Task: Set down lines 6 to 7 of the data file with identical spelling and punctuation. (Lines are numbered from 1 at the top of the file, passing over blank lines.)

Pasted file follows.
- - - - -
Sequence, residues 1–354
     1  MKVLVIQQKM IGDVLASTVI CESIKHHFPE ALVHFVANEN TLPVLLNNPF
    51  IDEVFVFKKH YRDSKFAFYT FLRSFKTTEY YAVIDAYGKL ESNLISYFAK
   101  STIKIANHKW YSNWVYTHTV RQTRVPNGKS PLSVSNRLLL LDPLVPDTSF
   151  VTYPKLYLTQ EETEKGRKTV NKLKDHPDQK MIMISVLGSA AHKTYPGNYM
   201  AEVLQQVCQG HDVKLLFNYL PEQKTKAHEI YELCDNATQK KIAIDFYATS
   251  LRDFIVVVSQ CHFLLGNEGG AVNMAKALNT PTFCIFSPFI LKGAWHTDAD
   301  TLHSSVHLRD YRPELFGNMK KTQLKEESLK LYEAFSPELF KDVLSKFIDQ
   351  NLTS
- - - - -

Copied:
   201  AEVLQQVCQG HDVKLLFNYL PEQKTKAHEI YELCDNATQK KIAIDFYATS
   251  LRDFIVVVSQ CHFLLGNEGG AVNMAKALNT PTFCIFSPFI LKGAWHTDAD